Argentina: Raisin sector expects to recover in 2015
According to a recent report by the USDA, the production and exports of Argentinean raisins are expected to rebound in 2015. Production for that year is estimated at 33,000 tons, 29,500 of which will be exported and the rest will be sent to the domestic market.
Currently, the province of San Juan, in western Argentina, produces 95% of the country's raisins while the rest is mainly produced in the provinces of Mendoza and La Rioja.
According to estimates from private sources, the country will have 6,600 hectares planted with raisins in 2014 and 2015, as there won't be any significant investment in land in the near future.
The province of San Juan is a very dry region and, although there is still land available for the production of raisins in the province, area expansion depends heavily on irrigation, which, unfortunately, is very expensive.
In 2015, the production of grapes for raisins in 2015 is expected to increase by 34.5% over the previous year, amounting to 138,600 tons as a result of favourable weather conditions. Thus, raisin production is expected to reach 33,000 tons.
Meanwhile, grape production for 2014 is estimated at 102,900 tons, 31,500 tons less than in the previous year due to late frosts in September-October 2013 and the excess rains in the summer of 2014, during dry season. Thus, this year's raisin production is estimated at 24,500 tons, compared to the 34,000 tons estimated by the USDA.
Among the key challenges that the industry faces at present are the high import tariffs established for Argentine raisins in some export markets. The rising costs of production are a major concern, especially the cost of raw material, i.e. the grapes used for raisin production, labour, supplies, chemicals, energy, cargo and fuel.
Private investment in the raisin sector has increased in recent years and is mainly of domestic capital. Investments have been made for the primary production and the incorporation of new technologies to deliver larger volumes that have a superior quality and are more competitive in order to supply the export markets.
So far, there have been no announcements of major investments for the near future in this sector.
It's worth noting that the import restrictions set by the Government of Argentina (GOA) in February 2012 have been discouraging producers from purchasing processing machinery abroad. So, there are currently about 32 processing plants in the province of San Juan.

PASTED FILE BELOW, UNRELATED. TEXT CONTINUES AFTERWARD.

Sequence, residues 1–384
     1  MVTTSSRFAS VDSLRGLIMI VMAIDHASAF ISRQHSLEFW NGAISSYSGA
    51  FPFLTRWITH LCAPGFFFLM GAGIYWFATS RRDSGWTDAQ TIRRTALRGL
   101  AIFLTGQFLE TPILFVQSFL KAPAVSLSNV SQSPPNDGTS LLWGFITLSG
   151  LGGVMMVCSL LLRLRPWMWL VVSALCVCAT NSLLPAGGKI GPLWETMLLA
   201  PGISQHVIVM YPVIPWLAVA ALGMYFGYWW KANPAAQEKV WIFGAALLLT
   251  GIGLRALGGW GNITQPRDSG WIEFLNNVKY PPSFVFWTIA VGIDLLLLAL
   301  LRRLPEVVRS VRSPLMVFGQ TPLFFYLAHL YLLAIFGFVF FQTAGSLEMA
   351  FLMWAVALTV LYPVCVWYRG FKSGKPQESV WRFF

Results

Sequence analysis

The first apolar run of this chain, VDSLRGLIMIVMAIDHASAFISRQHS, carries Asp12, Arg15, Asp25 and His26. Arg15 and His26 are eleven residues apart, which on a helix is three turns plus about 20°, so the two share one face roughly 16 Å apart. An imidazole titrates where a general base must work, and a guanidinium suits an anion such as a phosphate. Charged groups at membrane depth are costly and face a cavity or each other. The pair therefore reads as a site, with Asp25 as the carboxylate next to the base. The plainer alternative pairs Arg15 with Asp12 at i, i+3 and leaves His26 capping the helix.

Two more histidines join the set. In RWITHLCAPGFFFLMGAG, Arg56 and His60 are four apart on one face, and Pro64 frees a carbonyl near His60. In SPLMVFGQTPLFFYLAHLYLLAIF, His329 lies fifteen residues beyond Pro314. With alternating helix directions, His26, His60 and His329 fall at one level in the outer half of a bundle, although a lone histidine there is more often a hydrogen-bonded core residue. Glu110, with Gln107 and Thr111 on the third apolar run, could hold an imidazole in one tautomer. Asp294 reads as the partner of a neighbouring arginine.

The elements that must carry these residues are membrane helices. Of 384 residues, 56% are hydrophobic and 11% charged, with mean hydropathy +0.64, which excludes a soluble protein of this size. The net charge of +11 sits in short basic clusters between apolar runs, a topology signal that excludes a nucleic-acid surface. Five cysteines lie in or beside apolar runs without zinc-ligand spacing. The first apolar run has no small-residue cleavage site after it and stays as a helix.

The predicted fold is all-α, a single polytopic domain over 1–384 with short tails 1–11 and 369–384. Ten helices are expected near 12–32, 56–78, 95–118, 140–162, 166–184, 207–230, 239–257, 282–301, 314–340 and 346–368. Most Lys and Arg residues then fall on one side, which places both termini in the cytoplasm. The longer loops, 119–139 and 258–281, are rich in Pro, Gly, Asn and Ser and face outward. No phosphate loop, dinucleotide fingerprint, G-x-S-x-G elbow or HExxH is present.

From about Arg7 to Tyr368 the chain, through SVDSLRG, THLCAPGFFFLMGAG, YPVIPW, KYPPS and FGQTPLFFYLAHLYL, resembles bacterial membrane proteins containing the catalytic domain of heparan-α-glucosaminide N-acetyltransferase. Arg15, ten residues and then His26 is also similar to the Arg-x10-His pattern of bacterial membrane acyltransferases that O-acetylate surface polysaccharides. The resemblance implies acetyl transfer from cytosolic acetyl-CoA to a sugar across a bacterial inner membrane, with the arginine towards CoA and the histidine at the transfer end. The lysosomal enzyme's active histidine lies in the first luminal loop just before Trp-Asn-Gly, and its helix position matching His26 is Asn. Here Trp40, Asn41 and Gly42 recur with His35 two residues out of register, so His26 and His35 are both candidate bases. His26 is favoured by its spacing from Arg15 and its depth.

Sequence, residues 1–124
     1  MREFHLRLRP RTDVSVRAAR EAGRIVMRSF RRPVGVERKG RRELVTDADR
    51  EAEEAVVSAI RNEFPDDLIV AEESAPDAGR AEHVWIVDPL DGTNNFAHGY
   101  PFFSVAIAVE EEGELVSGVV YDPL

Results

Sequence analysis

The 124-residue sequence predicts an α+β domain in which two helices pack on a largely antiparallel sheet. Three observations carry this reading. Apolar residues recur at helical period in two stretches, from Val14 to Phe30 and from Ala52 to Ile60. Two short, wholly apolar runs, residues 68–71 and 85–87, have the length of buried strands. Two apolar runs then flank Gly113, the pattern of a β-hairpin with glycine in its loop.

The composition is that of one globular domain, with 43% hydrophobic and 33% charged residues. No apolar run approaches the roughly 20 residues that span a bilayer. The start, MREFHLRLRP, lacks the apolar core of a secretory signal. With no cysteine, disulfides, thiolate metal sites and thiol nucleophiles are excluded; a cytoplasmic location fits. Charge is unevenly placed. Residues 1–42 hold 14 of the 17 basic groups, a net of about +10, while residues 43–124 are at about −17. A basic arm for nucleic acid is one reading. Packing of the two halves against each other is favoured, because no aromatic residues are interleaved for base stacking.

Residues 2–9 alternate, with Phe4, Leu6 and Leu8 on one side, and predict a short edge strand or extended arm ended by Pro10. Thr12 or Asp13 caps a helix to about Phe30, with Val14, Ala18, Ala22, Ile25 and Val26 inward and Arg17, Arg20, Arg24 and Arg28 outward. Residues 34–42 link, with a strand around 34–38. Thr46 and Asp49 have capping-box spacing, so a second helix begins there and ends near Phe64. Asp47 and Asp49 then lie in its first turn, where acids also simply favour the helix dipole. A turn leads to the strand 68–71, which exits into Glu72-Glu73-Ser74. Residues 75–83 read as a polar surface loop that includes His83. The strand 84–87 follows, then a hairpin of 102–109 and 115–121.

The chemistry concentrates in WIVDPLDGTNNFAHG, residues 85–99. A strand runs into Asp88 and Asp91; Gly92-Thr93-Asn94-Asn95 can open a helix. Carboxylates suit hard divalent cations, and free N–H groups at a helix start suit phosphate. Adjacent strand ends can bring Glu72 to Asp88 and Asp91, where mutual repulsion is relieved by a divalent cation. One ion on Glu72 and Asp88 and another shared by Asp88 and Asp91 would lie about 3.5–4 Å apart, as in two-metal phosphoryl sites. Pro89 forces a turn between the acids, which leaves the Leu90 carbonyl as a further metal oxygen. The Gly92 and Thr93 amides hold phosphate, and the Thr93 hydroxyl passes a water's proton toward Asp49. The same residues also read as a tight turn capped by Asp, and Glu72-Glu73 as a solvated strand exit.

The main grapes used to produce raisins are the Flame Seedless (which accounts for more than 40% of the total raisin production) and Arizul (INTA CG 351) (accounting for over 20% of raisin production), which have attracted new investments in processing facilities and storage technology.
Other grape varieties that used to produce raisins are: Sultanina Blanca (Thompson Seedless), Superior Seedless, Torrontés sanjuanino, Cherry, Emperor, Tinogastena and Criolla Chica.
Fiesta is a relatively new variety originated in the U.S. that is well known because of its good performance, adaptability and drying process. As such, estimates are that the area planted with this variety will continue to increase in the near future.
The drying process in Argentina is carried out, mainly, by using the sun. The grapes are placed on racks covered by stones and left to dry under the sun for a period of 15-30 days, depending on the grape variety. The final product has a moisture content of 15-20%.
After the drying process is completed, vegetable oil is applied to the raisins and then they are packed in 13-kilo boxes, in bulk or in groups.
The Ministry of Agriculture of Argentina established a protocol for certified raisins, which includes a Hazard Analysis and Critical Control Points.
According to the report by the USDA, the Argentina's raisin consumption is very low and varies between 2,500 and 3,500 tons a year, depending heavily on exports.
Argentineans do not have the habit of eating raisins on a daily basis, as an aperitif or in bakery products. However, there has been an increase in raisin demand to be used in chocolate bars and cereals, ice cream, bakery industries, confectionery and local foods.
Domestic consumption is expected to increase to 3,530 MT in 2015 because there will be a larger production. Exports of raisins for 2015 are estimated at 29,500 tons, i.e. 34% more than in the previous year.
Exports for 2014 are expected to decline sharply to 22,000 tons, 8,000 tons less than the official estimates, due to lower production.
Source: Fresh Fruit Portal
Publication date: 9/4/2014
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